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Questions show passion, not doubt

I was recently contacted by someone to contribute to a project they’re working on. It was a well-connected and well-respected person whose work I’ve followed for years, so naturally I was quite excited by the inquiry.

The initial email was a bit sparse — describing the project in just a couple sentences — and while it clearly indicated the fee, there was only a bulleted list of the expected deliverables with no elaboration. A few of the deliverables didn’t even seem to be relevant for the kind of work that I do.

Eager to work with this person, and hoping to make a positive impact on the project, I wrote back the same day expressing my interest, as well as my desire to clarify a few points. Three days later I got a response with an offer to hop on the phone to discuss. Given a significant time difference between us, I proposed a scheduled time and provided my phone number. Another three days later, I got a response that the person would call me the next day (at a not agreed upon time)…when I would unfortunately be on a flight. I explained that I would be unavailable and proposed another time to chat.

Yet another five days later, I received a two-line email from this person apologizing for the difficulty in connecting via phone — and aggressively urging me to commit to the project despite having never answered my questions. A threat to find another contributor was also included.

I wrote back immediately reinforcing my interest in participating, but expressing that I could not commit without further clarification on some key points. Due to this person’s lack of availability, I was encouraged to submit my questions via email. In my biggest regret of this exchange, it took me two days to compile the comprehensive list of questions and shoot them over.

Fourteen days later, still no response. I sent a short follow-up.

The same day, I received this:

I think we ran out of time. Sorry about that! Don’t worry about it. Thanks anyway! All the best.

I was utterly perplexed and quite a bit disappointed. Feeling justified, I wrote back less than five minutes later, contentiously expressing my dissatisfaction with having my questions go unanswered only to be passed over for the gig. I wasn’t too diplomatic about how I said it.

Within minutes, the person responded with a much more regretful tone and warmer apology, explaining that the whole idea of using a consultant had been scrapped. I felt like an ass for having been harsh, still disappointed that I hadn’t been able to find out the details of the project and reinforce what I could bring to the table.

But upon reflection, I realized a pattern that I’ve seen in other situations, leading me to want to share this story. Sometimes when a prospect approaches you, they just want you to jump at the opportunity and immediately say yes. Those people do not really value who you are and what you do. When you ask for clarification on something, they see it as a sign of lack of enthusiasm or appreciation for what they’re offering. But they’re misreading the situation.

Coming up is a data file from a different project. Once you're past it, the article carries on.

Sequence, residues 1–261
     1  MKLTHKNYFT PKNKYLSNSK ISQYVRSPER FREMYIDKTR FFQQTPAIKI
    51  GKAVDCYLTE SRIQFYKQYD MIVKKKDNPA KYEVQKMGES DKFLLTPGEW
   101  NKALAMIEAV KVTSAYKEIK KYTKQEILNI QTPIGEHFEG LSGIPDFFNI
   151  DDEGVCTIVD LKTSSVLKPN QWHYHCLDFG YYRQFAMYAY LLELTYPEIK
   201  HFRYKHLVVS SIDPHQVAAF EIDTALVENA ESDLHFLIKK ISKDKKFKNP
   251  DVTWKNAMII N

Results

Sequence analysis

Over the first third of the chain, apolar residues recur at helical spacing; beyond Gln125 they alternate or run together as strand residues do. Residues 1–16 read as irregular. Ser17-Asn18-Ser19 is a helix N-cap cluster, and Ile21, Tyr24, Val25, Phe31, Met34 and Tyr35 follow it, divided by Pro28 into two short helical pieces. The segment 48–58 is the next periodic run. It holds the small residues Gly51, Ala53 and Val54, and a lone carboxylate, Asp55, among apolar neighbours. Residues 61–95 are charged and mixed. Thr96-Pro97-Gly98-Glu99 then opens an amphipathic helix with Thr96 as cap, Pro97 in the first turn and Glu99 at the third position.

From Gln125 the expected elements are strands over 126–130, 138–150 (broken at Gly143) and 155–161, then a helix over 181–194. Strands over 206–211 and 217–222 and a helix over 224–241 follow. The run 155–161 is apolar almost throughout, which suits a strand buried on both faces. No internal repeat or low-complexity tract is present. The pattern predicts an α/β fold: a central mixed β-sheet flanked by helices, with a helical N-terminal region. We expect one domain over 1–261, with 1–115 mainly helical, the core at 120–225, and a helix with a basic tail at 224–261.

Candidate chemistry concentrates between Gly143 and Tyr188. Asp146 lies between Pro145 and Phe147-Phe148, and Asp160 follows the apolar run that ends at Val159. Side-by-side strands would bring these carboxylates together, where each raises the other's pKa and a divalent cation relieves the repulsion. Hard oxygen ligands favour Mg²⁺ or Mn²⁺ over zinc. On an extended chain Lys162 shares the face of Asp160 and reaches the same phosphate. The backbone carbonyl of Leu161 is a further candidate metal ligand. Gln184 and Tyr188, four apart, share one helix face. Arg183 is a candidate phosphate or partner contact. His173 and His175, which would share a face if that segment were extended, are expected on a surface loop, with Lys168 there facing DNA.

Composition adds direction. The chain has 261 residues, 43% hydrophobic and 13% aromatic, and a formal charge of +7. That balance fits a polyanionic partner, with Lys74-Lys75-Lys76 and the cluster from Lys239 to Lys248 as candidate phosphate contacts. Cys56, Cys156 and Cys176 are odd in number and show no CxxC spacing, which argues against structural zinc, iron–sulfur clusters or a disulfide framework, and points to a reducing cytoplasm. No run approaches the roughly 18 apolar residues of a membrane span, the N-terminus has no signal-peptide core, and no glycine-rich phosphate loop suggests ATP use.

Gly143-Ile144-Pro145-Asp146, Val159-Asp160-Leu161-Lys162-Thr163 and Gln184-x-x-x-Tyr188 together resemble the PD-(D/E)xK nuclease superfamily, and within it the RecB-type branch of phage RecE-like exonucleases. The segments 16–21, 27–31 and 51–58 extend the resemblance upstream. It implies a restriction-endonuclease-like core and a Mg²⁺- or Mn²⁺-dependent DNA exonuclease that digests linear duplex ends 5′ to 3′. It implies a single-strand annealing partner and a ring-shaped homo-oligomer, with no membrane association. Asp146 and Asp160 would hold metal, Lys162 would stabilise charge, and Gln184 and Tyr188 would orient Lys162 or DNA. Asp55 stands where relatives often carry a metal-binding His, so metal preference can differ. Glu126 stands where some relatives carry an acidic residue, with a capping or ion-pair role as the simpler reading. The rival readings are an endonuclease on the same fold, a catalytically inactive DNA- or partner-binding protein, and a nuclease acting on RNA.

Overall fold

Questions show passion, not doubt. The more you want something, the more you want to know about it. The more you value yourself, the more cautious you are before jumping into the unknown. Taking things at face value only shows insecurity and inexperience. Nothing is as it seems. A lot of times it’s much, much better. But only the person who takes the time to investigate the goods can truly determine its value.

Don’t mistakingly believe than an intense desire is indicated by an immediate response. If you feel like you’re being rushed, question the person’s motives and trust your gut. Take your time, ask the important questions, and don’t be afraid to lose out in the now — you’ll win in the long run.

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  • http://www.thatmakessenseblog.com Amy

    Agreed! I once interviewed for a really cool gig (back when I was in video production) that would require picking up and leaving the city within days of hire, with the potential of being on the road for weeks or months. I asked many questions during the interview, which led the hiring folks to believe that I was doubtful about the job and would possibly back out at the last minute. They hired the person who asked nothing, who…yes…backed out at the last minute. When they called me back in, I was mentally and intellectually prepared for the gig. Asking questions is a sign of engagement. I trust curious people.

  • rickg

    Absolutely. And it's shows interest and engagement and, frankly, a professional attitude. Asking about a project and making sure it's something you can feel confident about delivering shows a consideration for the client.

  • http://twitter.com/bhenick Ben Henick

    Your post really resonates – I'm working out of just such a situation with a prospect, after putting a lot of oomph behind the idea that I keep my enthusiasm to myself… since doing more than hinting at it would open the door to a lack of professionalism.

    On the one hand, I appreciate posts like this; not everybody has the experience to see the “signs” that the prospect is searching for pats on the back that are conditions on selling the gig.

    However, what can we – as freelance new media professionals – do to earn the honor of just being asked to build the damn thing on bid approval? Simply talking about it amongst ourselves is a start, but surely more can be done.

  • AjithM

    Good article. I have always experienced, such curious attitude always pays you back in longer run, though you may get disappointed sometimes.